The Art of the Cranachs

The Art of the Cranachs July 13, 2020

I came across a marvelous documentary about the patron of this blog, Lucas Cranach, along with his son Lucas Cranach the Younger, and the innovative workshop that allowed them to mass produce their art.  The film is an English version of a German production–made by the German public broadcasting company Deutsche Welle (DW)–and its quality is first-rate.

It shows the Cranachs’ works, their historical context in Wittenberg, the churches whose altarpieces they painted, and what contemporary technology reveals about their composition.  The documentary also focuses on Cranach’s relationship with Luther and how he became the painter of the Reformation, depicting ordinary people and individual parishioners in a direct, personal relationship with Jesus Christ by means of the Word, the Sacraments, and the Cross.

Lucas Cranach is a very big deal in the art world, more so than in the past.  One of the experts praises him as being “more modern” than the other Renaissance painters.  For one thing, his portraits are highly realistic and full of life, as opposed to the idealism of the Italians.  And now his son, Lucas Cranach the Younger, is also getting attention as a great artist in his own right.  The documentary shows why.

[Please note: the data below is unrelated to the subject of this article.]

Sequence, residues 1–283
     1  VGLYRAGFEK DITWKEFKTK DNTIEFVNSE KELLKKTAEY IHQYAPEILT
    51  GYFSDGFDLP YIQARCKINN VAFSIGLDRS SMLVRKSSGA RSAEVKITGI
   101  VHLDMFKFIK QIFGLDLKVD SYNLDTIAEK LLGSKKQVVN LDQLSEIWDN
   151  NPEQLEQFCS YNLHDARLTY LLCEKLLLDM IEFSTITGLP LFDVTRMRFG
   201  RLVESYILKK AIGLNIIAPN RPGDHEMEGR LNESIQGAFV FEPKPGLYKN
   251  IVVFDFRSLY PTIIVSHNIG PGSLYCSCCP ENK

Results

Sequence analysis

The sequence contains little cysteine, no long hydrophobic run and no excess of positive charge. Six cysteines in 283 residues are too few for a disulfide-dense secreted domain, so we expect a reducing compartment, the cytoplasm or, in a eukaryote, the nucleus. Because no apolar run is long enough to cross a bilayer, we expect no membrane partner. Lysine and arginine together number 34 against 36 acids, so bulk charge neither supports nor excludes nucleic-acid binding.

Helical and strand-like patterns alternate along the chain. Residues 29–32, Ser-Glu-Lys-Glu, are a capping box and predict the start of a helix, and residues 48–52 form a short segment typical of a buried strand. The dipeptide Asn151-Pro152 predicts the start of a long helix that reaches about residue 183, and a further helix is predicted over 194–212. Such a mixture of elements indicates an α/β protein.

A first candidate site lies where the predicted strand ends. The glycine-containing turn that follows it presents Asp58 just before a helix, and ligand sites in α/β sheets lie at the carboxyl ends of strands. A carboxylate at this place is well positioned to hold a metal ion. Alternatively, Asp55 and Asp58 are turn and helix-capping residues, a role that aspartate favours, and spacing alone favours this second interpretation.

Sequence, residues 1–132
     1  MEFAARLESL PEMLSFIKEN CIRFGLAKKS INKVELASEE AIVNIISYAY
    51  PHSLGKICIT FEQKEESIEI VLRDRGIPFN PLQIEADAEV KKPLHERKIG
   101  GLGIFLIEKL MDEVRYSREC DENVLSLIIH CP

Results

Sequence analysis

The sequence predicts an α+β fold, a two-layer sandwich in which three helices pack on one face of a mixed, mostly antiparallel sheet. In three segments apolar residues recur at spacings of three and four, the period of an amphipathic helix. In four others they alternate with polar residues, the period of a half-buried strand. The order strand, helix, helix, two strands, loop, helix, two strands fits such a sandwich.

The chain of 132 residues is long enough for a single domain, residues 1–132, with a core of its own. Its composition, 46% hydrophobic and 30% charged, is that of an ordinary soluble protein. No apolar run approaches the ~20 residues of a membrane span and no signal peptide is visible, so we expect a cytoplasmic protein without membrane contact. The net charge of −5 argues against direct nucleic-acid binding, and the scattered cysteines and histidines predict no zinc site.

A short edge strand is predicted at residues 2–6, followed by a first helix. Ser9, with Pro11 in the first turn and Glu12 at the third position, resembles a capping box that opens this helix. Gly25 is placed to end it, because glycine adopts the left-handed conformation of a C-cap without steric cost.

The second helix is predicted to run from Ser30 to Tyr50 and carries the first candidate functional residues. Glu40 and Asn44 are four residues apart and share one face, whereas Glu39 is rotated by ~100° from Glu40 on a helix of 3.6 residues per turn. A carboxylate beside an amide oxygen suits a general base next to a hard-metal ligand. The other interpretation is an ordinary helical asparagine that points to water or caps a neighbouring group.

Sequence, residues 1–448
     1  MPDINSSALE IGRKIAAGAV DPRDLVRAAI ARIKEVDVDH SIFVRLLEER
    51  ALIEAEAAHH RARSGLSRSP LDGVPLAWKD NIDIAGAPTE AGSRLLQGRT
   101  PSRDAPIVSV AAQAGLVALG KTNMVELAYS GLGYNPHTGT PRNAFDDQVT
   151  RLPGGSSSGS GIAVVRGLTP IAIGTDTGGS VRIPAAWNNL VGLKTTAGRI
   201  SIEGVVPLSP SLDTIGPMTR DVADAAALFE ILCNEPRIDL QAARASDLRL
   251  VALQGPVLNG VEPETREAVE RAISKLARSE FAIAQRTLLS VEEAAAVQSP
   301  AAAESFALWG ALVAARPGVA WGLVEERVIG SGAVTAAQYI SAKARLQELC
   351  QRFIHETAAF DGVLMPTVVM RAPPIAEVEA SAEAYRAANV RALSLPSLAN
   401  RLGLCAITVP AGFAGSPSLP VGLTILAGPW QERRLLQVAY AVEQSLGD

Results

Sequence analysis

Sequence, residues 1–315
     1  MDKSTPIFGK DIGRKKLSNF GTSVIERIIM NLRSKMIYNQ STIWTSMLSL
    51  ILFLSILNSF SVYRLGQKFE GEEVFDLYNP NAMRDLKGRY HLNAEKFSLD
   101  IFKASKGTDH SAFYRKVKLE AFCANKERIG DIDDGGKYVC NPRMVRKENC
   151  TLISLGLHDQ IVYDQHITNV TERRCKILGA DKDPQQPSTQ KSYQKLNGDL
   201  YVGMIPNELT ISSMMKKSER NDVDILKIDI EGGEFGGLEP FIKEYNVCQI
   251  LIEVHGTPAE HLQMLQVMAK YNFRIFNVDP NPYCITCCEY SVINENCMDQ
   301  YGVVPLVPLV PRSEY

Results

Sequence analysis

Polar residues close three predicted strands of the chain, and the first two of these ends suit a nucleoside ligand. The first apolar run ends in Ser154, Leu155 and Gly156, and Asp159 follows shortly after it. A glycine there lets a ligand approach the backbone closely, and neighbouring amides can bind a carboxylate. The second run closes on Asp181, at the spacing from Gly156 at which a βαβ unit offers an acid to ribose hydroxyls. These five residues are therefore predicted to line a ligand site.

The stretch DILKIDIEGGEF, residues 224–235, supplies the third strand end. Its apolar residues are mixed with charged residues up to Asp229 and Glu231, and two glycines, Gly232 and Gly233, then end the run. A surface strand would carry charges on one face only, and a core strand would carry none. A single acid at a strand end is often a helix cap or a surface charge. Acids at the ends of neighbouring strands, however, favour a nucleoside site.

Here is the blurb from DW Documentary:

The history of renaissance art features lavish artworks with religious motifs. Lucas Cranach the Elder and his son, Lucas Cranach the Younger, were two of the most successful artists of the era.
The 16th century court painters immortalized Martin Luther and the Reformation in their work. In their workshop, they developed a rapid painting style and standardized procedures to produce portraits and religious images as if on an assembly line.
Visit the places where the famous family of painters lived and worked, and discover the beauty of the Cranachs’ painting techniques.

The video lasts 42 minutes, but I think you’ll be glad you took the time to watch it.  Here it is:

 

 

Illustration:  Self-Portrait (1531), Lucas Cranach the Elder / Public domain via Wikimedia Commons

 

HT:  Paul McCain


Browse Our Archives